A tsunami of student-loan debt threatens the belief that education is key to achieving the American dream. How to make college accessible without burying graduates in debt is a complex problem. No single solution will fix it.
This week, the New York Times made Ohio the poster child for the nation's student-debt dilemma. At Ohio Northern University, a small, Methodist-affiliated private university in Ada, students graduate with an average debt of $48,886.
At the premier public university, Ohio State, state aid accounts for 7 percent of the budget, down from 15 percent 10 years ago and 25 percent in 1990. Since 2002, the Times reports, tuition and fees at OSU have risen by about 60 percent. Sixty percent of OSU undergraduates borrow to pay for college. On average, they owe $24,840.
The problem is national. Student-loan debt passed $1 trillion this year -- more than U.S. consumers' credit-card debt.
Twenty years ago, most students did not borrow to get a bachelor's degree. Today, more than two-thirds of graduates get a loan-repayment book with their diploma. On average, new graduates owe $23,000. But 10 percent have more than $54,000 in loans, and 3 percent owe more than $100,000.
And less is being paid off. Five years ago, 45 percent of college loans were in repayment. Today, it's 38 percent. The rest is in deferment, forbearance, or default. Nearly 10 percent of borrowers who began to make payments in 2009 defaulted within two years.
Student loan debt has slowed recovery from the recession. Even when graduates find jobs, they can't buy homes, cars, appliances, or other big-ticket items.
Too often, college marketers underplay debt and overplay career opportunities to fill classrooms. This is especially true of for-profit colleges, which enroll 11 percent of U.S. undergraduates but get about 25 percent of federal loans and grants.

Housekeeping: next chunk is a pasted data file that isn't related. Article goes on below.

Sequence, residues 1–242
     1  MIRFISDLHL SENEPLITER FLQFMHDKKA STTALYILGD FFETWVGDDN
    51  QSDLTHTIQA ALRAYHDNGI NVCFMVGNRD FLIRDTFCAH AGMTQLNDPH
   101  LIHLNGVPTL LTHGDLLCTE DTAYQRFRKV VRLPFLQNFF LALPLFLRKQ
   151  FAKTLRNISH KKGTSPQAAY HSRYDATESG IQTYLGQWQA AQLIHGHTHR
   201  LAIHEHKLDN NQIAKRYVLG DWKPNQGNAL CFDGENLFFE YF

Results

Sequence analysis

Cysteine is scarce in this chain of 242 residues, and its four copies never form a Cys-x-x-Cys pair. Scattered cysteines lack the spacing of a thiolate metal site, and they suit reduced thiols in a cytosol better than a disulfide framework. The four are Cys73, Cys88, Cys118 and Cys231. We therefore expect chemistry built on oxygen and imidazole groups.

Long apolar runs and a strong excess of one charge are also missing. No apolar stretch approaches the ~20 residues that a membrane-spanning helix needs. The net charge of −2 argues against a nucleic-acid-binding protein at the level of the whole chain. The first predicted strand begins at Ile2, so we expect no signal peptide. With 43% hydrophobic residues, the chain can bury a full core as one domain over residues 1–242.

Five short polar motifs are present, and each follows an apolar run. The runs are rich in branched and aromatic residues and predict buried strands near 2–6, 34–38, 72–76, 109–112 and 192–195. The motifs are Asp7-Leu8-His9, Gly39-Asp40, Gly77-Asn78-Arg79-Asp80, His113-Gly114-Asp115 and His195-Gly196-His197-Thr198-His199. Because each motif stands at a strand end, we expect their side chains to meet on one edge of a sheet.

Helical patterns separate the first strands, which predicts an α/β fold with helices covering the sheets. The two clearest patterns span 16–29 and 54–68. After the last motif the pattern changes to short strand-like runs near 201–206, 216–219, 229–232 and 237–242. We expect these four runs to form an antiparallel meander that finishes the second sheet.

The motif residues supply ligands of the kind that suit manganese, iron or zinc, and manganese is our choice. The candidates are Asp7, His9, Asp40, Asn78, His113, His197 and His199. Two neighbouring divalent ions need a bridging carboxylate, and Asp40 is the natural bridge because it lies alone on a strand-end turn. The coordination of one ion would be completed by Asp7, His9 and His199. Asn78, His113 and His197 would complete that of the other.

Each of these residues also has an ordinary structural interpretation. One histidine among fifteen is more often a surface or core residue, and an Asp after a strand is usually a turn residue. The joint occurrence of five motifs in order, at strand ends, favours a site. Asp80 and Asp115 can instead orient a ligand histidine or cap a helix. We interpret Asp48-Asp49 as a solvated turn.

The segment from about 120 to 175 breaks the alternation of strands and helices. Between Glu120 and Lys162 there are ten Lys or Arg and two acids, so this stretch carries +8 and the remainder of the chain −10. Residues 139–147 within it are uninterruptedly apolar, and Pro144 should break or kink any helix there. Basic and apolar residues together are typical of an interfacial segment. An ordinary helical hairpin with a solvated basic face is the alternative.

During the Great Recession, politicians such as Gov. John Kasich reduced their budget-balancing options by vowing not to raise taxes. Ohio ranks sixth from the bottom among states in spending per student on higher education. Nationally, the Times said, per-student aid is at a 25-year low when adjusted for inflation.
Too often, parents don't save enough for college. Even when they do, costs in recent years have risen faster than incomes or inflation.
Too often, students fail to monitor their debt responsibly. Enticed by the real career advantages of a college degree, they take advantage of easy access to federal money at low interest rates, without asking how much they will owe.
Other contributing factors include bloated university administrations and administrators' salaries, competition to hire overpriced and sometimes nonteaching faculty, and overspending on amenities such as luxurious dormitories, food services, and recreational facilities.
Parents, students, and states can help, but it is up to colleges and universities -- especially public institutions -- to raise revenue, cut costs, or both. "The notion that universities can do business the very same way has to stop," OSU President Gordon Gee told the Times.
Colleges are doing more fund-raising, enrolling more out-of-state and international students who pay full costs, privatizing services, selling properties, cutting staff, and eliminating programs and departments. Some state officials, including Mr. Kasich, demand an end to what they call redundant programs.
The college-as-big-business model isn't working. Public universities should focus on their original mission: to educate the state's young people, prepare them for careers in the modern world, and equip them to be effective citizens.
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